July 31, 2018
Estimated Read Time: 5 Minutes
Unpaid internships are becoming less popular as the job market continues to rise and more companies are in need of filling entry level positions. While internships are good because the employee is gaining experience, unpaid internships are somewhat taking advantage of the individual. In a way they are utilizing them for free labor. Many people see the worth of internships and the benefits they bring but, “should we still hire interns for no pay?”
My answer to that question is “no.” I firmly believe, coming from experience in an unpaid internship, that it is not right and should not exist. Regardless of how many hours you are working or even what the work itself is, it almost seems unlawful to not pay an intern for their work and here is why.
Money is definitely something everyone needs to survive. You need money to buy food, water, housing, and the vital essentials. When a college student is working and paying for rent or food all on their own, and deprived of money during that internship, it can get really challenging for them. Personally, when I had an unpaid internship, I had to get a second job so that I could pay off my bills. I had to go from job to job in the same day just so I could make a little cash for the summer.
Another consideration is college. Unpaid internships typically fall into the hands of students because they initially want to gain experience prior to their job search after they graduate. Well, college is expensive, really expensive, and if the student is working for free during the summer or their off months of college, then how do they expect to pay for college?
Going to school is a job in itself. Students don’t get paid to go to school but when they are working outside of class, and not getting paid for it, they might as well be swimming in their own debt. Doesn’t sound fun, does it?
The cost of living is so high that unpaid internships just seem morally wrong to even consider. So why would you still do it?
So the student is trying to get an internship because they want to get hired, right? Essentially the student wants a full time job in the end. Well that is why most people are doing it. According to the National Association of Colleges and Employers, the hiring rate for students who complete an unpaid internship is 37% while the hiring rate for students with paid internships is 63%. If these numbers don’t shock you even a little bit, then allow me to dive in further.
According to the Employment Relations Act, internships are not discretely defined, rather unpaid interns are merely volunteers and not protected by employee rights aside from the health and safety laws.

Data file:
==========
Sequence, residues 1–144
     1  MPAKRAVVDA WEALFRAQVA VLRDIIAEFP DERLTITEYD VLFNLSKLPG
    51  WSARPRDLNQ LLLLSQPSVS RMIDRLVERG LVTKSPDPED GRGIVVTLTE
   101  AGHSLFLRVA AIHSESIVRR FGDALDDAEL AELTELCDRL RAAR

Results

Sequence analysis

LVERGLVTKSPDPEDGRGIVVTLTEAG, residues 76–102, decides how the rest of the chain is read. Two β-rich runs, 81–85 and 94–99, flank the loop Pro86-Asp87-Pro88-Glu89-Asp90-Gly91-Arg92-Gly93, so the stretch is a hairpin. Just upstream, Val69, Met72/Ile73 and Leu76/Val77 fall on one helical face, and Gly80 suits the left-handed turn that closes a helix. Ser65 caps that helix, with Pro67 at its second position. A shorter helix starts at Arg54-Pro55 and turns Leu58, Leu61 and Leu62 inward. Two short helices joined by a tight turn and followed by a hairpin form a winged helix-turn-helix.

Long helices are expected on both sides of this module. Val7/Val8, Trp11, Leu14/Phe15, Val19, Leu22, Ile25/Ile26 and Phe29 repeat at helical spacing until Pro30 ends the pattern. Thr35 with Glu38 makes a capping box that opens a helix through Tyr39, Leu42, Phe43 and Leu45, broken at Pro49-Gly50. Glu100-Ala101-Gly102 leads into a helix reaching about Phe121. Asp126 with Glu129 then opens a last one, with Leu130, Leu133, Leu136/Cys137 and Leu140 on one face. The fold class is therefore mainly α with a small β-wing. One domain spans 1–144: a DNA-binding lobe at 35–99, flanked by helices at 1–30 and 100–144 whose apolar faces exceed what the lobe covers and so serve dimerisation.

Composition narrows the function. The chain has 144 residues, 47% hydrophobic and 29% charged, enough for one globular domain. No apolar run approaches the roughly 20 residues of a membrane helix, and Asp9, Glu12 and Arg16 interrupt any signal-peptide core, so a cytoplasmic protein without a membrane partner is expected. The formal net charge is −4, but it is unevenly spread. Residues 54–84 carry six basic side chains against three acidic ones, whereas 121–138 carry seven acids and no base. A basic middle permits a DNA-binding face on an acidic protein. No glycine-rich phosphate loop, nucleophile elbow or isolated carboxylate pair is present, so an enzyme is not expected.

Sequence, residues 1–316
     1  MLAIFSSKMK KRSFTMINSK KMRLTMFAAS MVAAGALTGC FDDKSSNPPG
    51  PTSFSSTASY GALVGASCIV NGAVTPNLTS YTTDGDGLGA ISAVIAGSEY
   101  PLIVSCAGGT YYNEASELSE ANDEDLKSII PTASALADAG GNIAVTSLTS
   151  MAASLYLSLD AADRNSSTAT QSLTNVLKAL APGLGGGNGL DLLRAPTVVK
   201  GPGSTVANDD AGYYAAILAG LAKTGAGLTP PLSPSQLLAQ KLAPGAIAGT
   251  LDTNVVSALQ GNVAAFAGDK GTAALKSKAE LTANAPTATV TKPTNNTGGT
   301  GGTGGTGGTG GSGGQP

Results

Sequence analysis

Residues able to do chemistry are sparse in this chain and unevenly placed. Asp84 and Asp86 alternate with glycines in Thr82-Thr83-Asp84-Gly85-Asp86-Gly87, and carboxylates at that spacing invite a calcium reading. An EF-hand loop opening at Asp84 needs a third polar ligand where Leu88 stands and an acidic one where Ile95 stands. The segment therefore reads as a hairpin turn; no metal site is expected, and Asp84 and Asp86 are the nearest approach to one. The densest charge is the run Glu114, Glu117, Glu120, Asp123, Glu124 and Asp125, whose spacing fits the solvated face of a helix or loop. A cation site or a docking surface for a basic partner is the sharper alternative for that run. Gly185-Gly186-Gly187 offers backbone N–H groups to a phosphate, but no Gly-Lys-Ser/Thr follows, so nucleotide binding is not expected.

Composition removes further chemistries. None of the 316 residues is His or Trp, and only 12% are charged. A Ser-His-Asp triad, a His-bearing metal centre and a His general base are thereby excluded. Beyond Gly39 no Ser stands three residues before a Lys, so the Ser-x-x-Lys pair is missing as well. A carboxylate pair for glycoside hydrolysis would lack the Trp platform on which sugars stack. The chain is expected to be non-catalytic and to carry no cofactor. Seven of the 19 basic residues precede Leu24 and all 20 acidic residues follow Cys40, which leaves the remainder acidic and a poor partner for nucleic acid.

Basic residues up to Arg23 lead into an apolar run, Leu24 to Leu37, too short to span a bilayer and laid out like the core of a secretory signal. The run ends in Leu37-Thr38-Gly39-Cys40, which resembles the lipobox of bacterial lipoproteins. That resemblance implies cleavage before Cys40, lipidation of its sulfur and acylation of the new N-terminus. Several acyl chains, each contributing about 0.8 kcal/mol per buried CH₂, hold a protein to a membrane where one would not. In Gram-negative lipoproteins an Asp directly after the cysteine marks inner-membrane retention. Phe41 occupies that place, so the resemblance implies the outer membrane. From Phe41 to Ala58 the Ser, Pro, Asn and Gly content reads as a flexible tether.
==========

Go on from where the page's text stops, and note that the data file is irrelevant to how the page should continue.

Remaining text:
So essentially what this all means is that unpaid internships can be looked at as simply volunteering at an organization, and while most volunteers appear to be volunteering once or twice a week, an intern could be there every day.
On top of that, the unpaid internship is usually not work that is beneficial and vital to the company as a whole. The intern, “volunteer,” should not be contributing anything work related that a full-time employee is capable of doing.
So all-in-all, the student is going to “work” for a company or organization, spend multiple days of the week there, not get paid and not be protected by employee rights, and not even do work that can qualify them to get a good job. Rather, the student is doing work that really has nothing to do with the company and then putting that “experience” down on their resume. Yep, sounds like exploitation to me.
Unpaid internships are going out of style. They are depriving students of money and if the student does not take the internship because they cannot afford unpaid work, they could be depriving the student of an opportunity that could land them a job. Unpaid internships also bring about a much larger issue of diversity within the workplace. Of course we want the best of the best people working for you but we also want a diverse workplace where it isn’t just the select few that were able to get the internship because they could afford unpaid work.
Unpaid internships bring about a variety of issues that would just be best if we avoided it all together. If you have ever been a student, you know the stress of class, homework and tests, while trying to figure out what you are good at in life so that one day you can hopefully make a career out of it. On top of that, there are expenses and worrying about whether or not you have enough money to pay for this. With unpaid internships, it doesn’t seem right to make them work for no pay and still have all this stress on their back. It just seems cruel. We want our young people to succeed and to eventually be able to be the directors and the managers of this world as we won’t be here forever. So pay them the right amount, let them show you that they deserve this, and give them work that can guide them to be successful.
For more input on the topic, check out Robert Sanders’ latest podcast on whether unpaid internships should still be a thing. We would also love to know what you think so please leave a comment below to tell us your thoughts on this particular topic. To learn more, or if you have any questions, please email me at firstname.lastname@example.org. For more great blogs and content please subscribe to our blogs Here.